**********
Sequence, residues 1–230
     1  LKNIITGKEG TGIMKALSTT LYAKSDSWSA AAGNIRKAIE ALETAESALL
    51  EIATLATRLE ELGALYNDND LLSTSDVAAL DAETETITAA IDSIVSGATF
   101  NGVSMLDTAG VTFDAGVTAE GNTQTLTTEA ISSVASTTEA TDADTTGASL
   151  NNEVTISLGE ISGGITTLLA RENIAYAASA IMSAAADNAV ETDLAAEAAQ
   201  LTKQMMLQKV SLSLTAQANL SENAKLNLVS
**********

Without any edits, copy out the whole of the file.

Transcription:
Sequence, residues 1–230
     1  LKNIITGKEG TGIMKALSTT LYAKSDSWSA AAGNIRKAIE ALETAESALL
    51  EIATLATRLE ELGALYNDND LLSTSDVAAL DAETETITAA IDSIVSGATF
   101  NGVSMLDTAG VTFDAGVTAE GNTQTLTTEA ISSVASTTEA TDADTTGASL
   151  NNEVTISLGE ISGGITTLLA RENIAYAASA IMSAAADNAV ETDLAAEAAQ
   201  LTKQMMLQKV SLSLTAQANL SENAKLNLVS